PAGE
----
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Pride and Prejudice, by Jane Austen

October 4, 2012

“It is a truth universally acknowledged, that a single man in possession of a good fortune must be in want of a wife.”

Why have I landed on this book, now? A few reasons. One, it’s one of those classic books that you always promise yourself that you’ll read (but never do). Two, my girlfriend adores Austen and I want to know what all the fuss with this chick-lit is. Three, ICSM Drama are putting on Pride and Prejudice next year and I want to be well-versed in the work before auditions and rehearsals. So, in total, a sum of self-improving and self-motivated reasons.

Pride and Prejudice, by Jane Austen, focusses on Elizabeth, the second daughter of the Bennet family of Longbourne. Through a burgeoning mutual attraction between her elder sister, Jane, and Mr Bingley, an eligible bachelor new to the neighbourhood, she is introduced to the aloof and proud Mr Darcy. Finding him intolerable (and him finding her wilful and uncivil), she declares an immediate dislike of him. However, over time, as their social circles intersect and interact, they find that they’re feelings and impressions begin to change.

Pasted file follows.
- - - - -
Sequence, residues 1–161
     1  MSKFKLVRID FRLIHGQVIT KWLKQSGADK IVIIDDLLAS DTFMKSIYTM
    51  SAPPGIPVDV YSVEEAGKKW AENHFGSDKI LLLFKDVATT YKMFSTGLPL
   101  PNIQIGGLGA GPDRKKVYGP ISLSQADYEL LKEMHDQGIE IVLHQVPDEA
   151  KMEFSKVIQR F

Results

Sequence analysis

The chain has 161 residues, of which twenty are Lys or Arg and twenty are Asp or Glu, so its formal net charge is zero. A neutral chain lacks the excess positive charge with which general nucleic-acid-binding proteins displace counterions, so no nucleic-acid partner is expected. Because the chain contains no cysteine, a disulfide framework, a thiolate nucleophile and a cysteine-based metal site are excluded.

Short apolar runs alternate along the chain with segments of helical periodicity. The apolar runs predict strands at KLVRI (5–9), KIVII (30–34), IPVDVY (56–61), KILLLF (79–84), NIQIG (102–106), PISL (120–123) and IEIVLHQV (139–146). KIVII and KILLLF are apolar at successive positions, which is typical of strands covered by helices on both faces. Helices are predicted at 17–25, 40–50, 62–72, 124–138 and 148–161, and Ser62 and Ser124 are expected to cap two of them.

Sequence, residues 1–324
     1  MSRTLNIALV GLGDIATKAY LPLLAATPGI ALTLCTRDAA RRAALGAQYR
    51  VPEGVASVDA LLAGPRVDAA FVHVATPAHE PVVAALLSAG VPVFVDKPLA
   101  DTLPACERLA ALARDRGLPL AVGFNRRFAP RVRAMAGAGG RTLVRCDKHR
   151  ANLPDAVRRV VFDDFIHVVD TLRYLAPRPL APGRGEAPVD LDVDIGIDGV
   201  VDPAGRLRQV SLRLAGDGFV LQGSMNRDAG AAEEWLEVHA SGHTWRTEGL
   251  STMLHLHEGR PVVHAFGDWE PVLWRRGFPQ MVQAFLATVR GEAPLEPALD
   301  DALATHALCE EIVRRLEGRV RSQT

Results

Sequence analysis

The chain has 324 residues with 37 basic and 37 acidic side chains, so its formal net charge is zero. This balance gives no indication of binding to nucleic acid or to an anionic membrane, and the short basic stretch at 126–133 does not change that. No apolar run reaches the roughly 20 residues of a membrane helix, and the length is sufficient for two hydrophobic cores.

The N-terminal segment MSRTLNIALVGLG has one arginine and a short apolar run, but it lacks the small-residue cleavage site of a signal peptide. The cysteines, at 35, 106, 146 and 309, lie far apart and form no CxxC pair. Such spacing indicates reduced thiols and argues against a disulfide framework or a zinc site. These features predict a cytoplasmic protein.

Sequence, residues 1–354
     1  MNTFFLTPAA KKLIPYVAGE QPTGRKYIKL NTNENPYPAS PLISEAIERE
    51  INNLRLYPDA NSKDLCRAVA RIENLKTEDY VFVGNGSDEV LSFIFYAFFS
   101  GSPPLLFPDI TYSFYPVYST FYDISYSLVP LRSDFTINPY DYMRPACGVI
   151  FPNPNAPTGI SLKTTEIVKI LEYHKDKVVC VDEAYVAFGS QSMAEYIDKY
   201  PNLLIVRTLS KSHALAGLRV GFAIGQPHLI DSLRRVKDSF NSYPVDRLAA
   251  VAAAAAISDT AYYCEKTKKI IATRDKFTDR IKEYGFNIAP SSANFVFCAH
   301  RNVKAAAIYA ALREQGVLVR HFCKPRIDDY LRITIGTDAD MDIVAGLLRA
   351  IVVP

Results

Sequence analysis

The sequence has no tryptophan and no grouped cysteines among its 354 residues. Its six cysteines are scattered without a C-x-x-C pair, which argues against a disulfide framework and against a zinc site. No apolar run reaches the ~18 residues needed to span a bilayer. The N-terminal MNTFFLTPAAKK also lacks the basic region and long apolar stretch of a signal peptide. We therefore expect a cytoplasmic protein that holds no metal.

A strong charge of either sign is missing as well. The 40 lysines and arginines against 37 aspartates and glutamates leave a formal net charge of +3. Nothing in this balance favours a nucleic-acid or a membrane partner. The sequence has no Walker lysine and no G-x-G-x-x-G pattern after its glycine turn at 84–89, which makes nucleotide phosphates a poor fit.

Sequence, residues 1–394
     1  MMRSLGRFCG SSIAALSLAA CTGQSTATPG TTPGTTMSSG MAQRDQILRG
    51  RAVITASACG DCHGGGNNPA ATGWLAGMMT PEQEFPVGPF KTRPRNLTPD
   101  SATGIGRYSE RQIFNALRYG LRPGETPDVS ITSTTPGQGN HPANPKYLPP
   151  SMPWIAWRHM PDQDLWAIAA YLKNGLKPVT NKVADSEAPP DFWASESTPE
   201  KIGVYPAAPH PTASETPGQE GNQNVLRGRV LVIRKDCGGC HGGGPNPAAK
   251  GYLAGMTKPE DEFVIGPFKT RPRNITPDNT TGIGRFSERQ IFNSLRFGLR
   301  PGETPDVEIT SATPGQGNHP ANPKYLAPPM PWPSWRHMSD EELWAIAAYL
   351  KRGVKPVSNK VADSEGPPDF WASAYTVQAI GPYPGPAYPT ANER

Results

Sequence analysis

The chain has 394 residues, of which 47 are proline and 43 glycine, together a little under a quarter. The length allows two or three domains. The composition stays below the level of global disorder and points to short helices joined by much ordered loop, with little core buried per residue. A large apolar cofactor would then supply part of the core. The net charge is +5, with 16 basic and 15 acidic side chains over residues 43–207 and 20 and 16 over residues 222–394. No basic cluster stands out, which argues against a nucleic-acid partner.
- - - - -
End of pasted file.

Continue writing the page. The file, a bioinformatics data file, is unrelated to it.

But we all knew that already, right? (Admittedly, I was ingorant on a few of the details)

The writing is complex and irritating in places. If I submitted this as an English assignment, there would be red pen all across the page. Austen is guilty of double negatives, overly long sentences and speech unchained to characters but I can’t tell if that is how people used to talk back then, how people of their class used to speak or a peccadillo of Austen herself. I sense the difference of two hundred years at work here.

However, despite my frustration at the over-complicated address, the book is still highly engaging. I don’t know if I could call it pacy, as, for the majority, the characters rotate between a series of balls, dinners and travel. Life was hard back then, certainly! If the past few chapters have been spent on reactions to the last event or revelations, it’s a fair bet that a letter is about to be delivered which will further the plot.

This is chick-lit but it is exquisite chick-lit. In fact, it is archetypal chick-literature. The strong-willed female protagonist? Check. The handsome yet broody love interest? Check. The “Will they? Won’t they?” question that hovers around for the best part of 300 pages? Check. Everything else is detail. If you’re in any doubt, check out Bridget Jones’ Diary.

After this, I feel more tolerant of chick-lit but this could still have been helped a little more plain English. It’s a classic and part of the English Canon for good reason. More than that, it’s part of our popular culture and it is always so much more satisfying when you know why. It also helps to be a little bit more interesting at dinner parties.

P.S. But what is the point of Mary Bennet?

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